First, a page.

J.K Rowling’s Harry Potter novels have over the last decade become a worldwide phenomenon, but why? It is perhaps because of the mythical elements that underlie Harry’s story, particularly the myths of the child and the hero. Comparing the Potter novels to works by mythological theorists Carl Jung and Joseph Campbell, it is clear how Rowling both uses and updates traditional mythological structures and elements in the novels. The Harry Potter novels both incorporate the standard myths of the child and the hero, which accounts for the series’ immense ability to grab the reader, and update these myths, making Harry’s quest even more accessible to the modern audience in its rejection of a high-born, kingly hero. Instead, the series exalts a hero that destiny does not create whose quest is more democratic, necessarily involving collaboration with many others.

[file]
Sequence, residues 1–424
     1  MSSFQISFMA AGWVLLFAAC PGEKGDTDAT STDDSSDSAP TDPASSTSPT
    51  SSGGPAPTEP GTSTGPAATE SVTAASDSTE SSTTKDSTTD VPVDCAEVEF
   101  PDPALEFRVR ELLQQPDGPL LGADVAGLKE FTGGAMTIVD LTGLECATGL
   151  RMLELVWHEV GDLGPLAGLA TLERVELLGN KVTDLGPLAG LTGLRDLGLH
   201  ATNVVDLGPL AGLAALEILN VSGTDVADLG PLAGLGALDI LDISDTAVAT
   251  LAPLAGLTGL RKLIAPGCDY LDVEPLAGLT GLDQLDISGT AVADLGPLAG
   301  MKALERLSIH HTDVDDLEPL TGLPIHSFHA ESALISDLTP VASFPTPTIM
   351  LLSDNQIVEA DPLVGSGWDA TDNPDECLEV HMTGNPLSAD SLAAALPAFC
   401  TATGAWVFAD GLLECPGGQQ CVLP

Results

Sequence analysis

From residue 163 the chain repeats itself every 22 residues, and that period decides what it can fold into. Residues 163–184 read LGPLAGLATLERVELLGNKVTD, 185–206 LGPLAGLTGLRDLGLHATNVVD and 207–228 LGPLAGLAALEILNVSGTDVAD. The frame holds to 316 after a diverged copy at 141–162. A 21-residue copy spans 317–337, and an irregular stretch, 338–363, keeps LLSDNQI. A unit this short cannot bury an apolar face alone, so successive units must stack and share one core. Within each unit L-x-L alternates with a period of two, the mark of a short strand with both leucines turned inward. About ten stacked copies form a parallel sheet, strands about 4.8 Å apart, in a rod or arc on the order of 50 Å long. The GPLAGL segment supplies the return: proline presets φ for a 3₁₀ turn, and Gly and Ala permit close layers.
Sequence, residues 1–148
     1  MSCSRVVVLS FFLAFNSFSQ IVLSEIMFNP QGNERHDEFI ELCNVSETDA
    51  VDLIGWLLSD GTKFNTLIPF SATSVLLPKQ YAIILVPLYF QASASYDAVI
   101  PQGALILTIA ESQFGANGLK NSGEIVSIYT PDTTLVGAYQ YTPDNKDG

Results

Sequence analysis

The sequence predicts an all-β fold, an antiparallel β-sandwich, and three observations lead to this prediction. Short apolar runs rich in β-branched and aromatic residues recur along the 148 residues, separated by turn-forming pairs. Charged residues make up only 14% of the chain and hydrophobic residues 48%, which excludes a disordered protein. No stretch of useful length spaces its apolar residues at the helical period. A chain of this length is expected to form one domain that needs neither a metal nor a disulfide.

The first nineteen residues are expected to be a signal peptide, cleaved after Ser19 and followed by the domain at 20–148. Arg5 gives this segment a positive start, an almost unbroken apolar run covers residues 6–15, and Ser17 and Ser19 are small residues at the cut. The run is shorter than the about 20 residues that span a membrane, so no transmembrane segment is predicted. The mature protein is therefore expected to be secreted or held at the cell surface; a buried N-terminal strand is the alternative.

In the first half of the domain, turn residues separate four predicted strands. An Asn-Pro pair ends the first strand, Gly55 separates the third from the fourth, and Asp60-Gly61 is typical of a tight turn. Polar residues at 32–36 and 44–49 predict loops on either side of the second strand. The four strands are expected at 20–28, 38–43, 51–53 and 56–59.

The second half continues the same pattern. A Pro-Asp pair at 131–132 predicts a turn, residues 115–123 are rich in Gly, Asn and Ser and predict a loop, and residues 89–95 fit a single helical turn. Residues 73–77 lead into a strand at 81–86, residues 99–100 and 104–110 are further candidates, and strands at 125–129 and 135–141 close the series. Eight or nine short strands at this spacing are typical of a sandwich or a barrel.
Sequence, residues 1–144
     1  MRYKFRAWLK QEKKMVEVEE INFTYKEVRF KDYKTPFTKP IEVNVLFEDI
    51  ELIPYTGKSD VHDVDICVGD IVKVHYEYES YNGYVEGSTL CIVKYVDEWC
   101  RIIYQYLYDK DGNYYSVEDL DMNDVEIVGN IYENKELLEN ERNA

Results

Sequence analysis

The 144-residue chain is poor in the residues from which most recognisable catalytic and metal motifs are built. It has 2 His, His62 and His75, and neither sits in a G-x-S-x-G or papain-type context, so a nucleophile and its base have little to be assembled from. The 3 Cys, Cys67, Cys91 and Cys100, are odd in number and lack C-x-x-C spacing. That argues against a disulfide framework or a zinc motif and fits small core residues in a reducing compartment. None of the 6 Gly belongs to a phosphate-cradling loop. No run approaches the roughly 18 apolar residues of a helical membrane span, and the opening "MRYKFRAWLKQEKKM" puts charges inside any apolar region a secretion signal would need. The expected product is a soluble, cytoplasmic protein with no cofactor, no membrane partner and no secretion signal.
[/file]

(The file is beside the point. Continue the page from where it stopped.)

Rizza, Daniella FCRH '11
"“A Power Beyond the Reach of Any Magic”: Mythology in Harry Potter,"
The Fordham Undergraduate Research Journal: Vol. 1
, Article 4.
Available at: https://research.library.fordham.edu/furj/vol1/iss1/4